Responding to the Tragedy in SC

Today when I checked the news, I was deeply saddened to hear of the tragedy in Charleston, South Carolina. If you are unaware of what happened, here is the gist: last night at 9:00PM, a 21-year-old white man walked into a Bible study at Emanuel African Methodist Episcopal Church and opened fire. He killed nine people, spared two others and then fled. He has since been arrested.

The Charleston police spokesman Charles Francis claims, along with the leading investigators, that it was indeed a hate crime; the victims, he says, were killed “because they were black.” Photos on the shooter’s Facebook page also suggest that the act was rooted in hate.

Hate crimes take many forms. Some hate with words, some with silence. Some hate by taking, some by refusing to give. Some hate with non-lethal force, and some elevate themselves to the status of a god and judge their “enemies” by taking their lives.

People who hate often do so because they are afraid. Acts of hate such as this shooting are based on a refusal to entertain the idea that you could in fact share something with people who look different from you or belong to different group. They are closed-minded acts and, ultimately, acts of cowardice.

Although hate burns us, I do try to remember that a fire cannot burn if it has no fuel. What do I mean by this? Nothing can burn in an atmosphere of carbon dioxide; fire needs oxygen. In America, the fuel for the fire of hate crimes and racism is made up of many things: bigotry is one of them, but so is the existence of racist institutions. While we might not be able to remove bigotry completely from the human condition, we can change our cultural atmosphere to stifle the spark of bigotry before it grows into a full-fledged flame.

Much of my research has dealt with the ways in which black optimism in America (with regard to their socioeconomic prospects, etc.) is far greater than their actual attainment. This is partly due to the false belief that, in this country, race no longer matters. Incidents like this massacre in SC, however, remind us painfully that it does matter. It kills. Mother Emmanuel church was founded in 1816 by blacks seeking liberty. This shooting is an attack on black liberty.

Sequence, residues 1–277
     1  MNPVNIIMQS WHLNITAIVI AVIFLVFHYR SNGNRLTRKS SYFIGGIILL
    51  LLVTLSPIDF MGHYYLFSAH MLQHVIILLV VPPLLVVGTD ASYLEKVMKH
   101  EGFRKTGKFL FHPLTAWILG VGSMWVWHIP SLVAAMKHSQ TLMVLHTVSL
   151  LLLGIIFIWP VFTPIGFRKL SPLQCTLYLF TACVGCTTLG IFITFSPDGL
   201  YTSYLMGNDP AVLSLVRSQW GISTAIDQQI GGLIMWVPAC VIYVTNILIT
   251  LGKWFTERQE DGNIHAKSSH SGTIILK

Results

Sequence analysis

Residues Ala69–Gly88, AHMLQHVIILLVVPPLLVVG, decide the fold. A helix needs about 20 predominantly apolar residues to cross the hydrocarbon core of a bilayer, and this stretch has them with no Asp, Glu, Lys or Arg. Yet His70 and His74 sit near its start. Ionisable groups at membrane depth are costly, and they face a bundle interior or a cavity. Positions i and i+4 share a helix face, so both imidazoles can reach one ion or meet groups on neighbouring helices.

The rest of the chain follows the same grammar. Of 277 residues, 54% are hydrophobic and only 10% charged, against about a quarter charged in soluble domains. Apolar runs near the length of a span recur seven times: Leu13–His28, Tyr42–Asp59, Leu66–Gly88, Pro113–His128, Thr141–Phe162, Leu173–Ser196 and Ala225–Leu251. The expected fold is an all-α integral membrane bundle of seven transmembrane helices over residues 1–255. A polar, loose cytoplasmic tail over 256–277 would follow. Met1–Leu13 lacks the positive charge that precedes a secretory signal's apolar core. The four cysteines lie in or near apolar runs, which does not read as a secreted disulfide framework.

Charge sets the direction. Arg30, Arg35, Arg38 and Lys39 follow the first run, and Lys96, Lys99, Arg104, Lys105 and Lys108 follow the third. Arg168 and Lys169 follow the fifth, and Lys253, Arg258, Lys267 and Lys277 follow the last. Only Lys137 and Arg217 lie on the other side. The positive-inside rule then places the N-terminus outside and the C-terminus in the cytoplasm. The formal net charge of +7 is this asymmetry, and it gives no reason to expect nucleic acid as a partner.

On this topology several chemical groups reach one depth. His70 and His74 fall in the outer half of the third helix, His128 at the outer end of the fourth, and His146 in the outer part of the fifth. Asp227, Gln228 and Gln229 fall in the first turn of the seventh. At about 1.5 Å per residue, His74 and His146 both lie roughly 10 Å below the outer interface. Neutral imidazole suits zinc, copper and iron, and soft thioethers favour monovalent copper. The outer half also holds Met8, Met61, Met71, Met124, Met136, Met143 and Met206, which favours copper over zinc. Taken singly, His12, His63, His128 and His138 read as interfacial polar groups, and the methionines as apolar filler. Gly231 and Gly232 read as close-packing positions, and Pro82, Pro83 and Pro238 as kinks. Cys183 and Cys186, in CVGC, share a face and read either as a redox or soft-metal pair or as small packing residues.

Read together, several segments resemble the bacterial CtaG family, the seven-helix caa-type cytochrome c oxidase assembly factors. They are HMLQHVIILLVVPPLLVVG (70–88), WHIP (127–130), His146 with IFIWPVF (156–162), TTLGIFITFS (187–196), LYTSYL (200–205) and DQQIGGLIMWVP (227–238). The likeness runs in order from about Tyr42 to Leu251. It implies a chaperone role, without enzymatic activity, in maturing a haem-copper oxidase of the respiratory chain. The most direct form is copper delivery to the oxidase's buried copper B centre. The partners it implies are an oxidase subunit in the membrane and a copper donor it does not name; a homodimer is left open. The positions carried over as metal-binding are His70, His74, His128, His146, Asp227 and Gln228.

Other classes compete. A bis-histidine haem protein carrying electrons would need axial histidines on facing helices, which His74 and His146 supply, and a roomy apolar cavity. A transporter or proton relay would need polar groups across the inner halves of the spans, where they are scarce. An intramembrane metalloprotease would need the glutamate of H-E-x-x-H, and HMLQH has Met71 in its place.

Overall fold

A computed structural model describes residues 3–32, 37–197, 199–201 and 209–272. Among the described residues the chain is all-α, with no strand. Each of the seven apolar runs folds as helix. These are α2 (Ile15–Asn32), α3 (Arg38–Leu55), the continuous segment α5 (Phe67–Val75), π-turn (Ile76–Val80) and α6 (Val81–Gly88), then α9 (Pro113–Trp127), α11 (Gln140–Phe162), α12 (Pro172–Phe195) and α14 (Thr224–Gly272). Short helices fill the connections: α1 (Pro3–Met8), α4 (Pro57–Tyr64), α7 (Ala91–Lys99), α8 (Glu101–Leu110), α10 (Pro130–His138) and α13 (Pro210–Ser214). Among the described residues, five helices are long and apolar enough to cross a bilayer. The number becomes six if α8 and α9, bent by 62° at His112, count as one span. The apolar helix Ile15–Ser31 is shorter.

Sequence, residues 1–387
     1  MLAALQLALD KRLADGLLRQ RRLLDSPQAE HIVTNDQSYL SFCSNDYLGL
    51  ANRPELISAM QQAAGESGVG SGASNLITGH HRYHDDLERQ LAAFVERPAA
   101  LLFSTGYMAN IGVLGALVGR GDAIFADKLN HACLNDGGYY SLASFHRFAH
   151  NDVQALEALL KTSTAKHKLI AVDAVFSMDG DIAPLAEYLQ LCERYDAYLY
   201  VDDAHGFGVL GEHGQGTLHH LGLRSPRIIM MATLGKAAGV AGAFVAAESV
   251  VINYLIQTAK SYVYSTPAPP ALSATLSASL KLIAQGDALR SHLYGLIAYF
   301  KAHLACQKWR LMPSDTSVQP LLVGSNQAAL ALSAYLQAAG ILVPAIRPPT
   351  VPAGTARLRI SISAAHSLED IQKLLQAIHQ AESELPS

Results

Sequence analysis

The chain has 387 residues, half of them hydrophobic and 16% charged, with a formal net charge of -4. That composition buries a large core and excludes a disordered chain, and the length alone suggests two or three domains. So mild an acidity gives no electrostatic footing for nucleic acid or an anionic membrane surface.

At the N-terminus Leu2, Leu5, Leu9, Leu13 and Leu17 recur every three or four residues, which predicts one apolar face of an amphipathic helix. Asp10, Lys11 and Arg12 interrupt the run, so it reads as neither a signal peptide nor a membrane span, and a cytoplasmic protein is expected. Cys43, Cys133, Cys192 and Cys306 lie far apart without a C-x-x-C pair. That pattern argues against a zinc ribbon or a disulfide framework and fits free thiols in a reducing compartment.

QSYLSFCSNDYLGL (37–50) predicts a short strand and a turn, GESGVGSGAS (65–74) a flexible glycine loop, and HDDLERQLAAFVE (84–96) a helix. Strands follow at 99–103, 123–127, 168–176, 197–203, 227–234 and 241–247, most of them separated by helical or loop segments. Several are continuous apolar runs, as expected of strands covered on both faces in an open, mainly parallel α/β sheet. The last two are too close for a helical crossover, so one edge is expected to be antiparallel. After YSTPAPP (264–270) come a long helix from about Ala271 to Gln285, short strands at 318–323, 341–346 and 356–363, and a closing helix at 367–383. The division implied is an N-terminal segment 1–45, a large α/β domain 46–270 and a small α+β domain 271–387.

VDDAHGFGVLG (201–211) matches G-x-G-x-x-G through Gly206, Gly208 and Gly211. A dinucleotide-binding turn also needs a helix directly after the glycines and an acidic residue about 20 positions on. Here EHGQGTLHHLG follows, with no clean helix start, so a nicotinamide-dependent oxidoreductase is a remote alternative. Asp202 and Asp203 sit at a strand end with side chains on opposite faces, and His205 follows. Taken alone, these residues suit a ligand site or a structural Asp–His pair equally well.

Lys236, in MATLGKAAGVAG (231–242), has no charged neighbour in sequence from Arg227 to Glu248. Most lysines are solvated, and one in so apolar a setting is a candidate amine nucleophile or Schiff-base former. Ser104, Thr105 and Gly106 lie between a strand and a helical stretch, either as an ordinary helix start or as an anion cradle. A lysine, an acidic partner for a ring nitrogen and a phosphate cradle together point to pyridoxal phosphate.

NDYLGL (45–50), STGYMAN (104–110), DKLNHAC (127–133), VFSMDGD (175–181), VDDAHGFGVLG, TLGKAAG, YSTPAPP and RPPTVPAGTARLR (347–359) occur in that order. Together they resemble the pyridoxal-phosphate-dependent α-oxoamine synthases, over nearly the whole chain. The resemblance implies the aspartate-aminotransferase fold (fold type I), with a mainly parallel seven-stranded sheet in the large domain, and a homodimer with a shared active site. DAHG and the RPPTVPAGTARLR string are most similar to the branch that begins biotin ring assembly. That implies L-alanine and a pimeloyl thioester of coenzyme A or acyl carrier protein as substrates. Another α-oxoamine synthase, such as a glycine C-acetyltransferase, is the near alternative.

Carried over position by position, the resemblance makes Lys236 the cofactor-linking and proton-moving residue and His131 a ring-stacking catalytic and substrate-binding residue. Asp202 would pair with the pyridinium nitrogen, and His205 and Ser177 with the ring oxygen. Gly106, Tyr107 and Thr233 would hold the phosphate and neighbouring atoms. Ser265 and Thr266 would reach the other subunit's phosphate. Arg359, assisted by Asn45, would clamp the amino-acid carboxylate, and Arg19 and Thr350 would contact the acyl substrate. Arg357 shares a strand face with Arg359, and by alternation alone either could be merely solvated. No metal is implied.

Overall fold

Until everyone in this country—whatever the color of their skin—realizes how terrible the effects of race really are, racism and violent bigotry will continue to hold back our march to freedom.

In the meantime, let us join the nation in mourning this tragic loss of life. Mayor Joseph Riley of Charleston has created the Mother Emmanuel Hope Fund to support the grieving families. To donate, send a check to the following address:

Mother Emanuel Hope Fund
C/O City of Charleston
P.O. Box 304
Charleston, SC 29402

Color-Blindness Hurts

Color-Blindness Hurts

What exactly happened to Tahera Ahmad on that United Airlines flight?

According to news reports, a flight atteimagesK8O95V7Jndant denied Ahmad an unopened can of diet soda.  “Big deal,” you might think. “It’s probably just some obscure airline regulation about canned drinks, right?”

Unfortunately, no.  This is about race.

In Ahmad’s words, “This isn’t about me and a soda can.  It’s about systemic injustice that is perpetuated throughout our community.”

Specifically, it’s about the way that our system can overlook or even justify the most horrific prejudices.  It’s about how nobody stood up for Ahmad when another passenger told her to “f… off” because she “knew that [she] would use [the unopened can] as a weapon.”  And most importantly, it’s about the myth of color-blindness, a doctrine that is still actively being spread today.  This doctrine states that color doesn’t matter anymore, that minorities have won the battle for equal treatment, and that they no longer have any reason to think they are oppressed.

But what happened on this airline reminds us that color does matter.

And more than that, Ahmad reminds us that it’s not just non-white color that sends the system into defensive-oppressive mode.  It’s the colors of minority religions and cultures, too.  It’s about islamophobia propagated by irresponsible and unreflective media run by the privileged.  Not only do people’s visible differences still affect them.  They affect them every day—and it hurts.

Tahera Ahmad was in tears.

She wrote on her Facebook that she was “in tears of humiliation.”  She had hope that some fellow passenger would stand up and defend her, but all she received were profanities and the shaking of heads.

United Airlines is an institution like any other corporation.  Its top priority is self-preservation.  After this blunder by one of its flight attendants, the airline swiftly “redeemed” itself by terminating her employment.  While this is surely a gesture of its disapproval of religious prejudice, it still serves to sweep the issue under the rug.

The more the Civil Rights movement sinks into the background of our minds as an event in “history,” the more the doctrine of color-blindness sinks into our minds like a poison.  The ideology of color-blindness doesn’t make us immune to racism.

Ironically, color-blindness makes us blind to the real importance of color in our everyday lives.

In 1965, Martin Luther King, Jr. gave the commencement address at Oberlin College.  He said to them, “Somewhere we must come to see that human progress never rolls in on the wheels of inevitability, it comes through the tireless efforts and the persistent work…without this hard work time itself becomes an ally of the primitive forces of social stagnation” (King, 1968).

I agree with Dr. King.  Every day that we spend waiting for justice is another day that injustice has triumphed.  What should you do?

Follow the example of Dr. King.  Lead peaceful collective protest of United.

And tell everyone you know.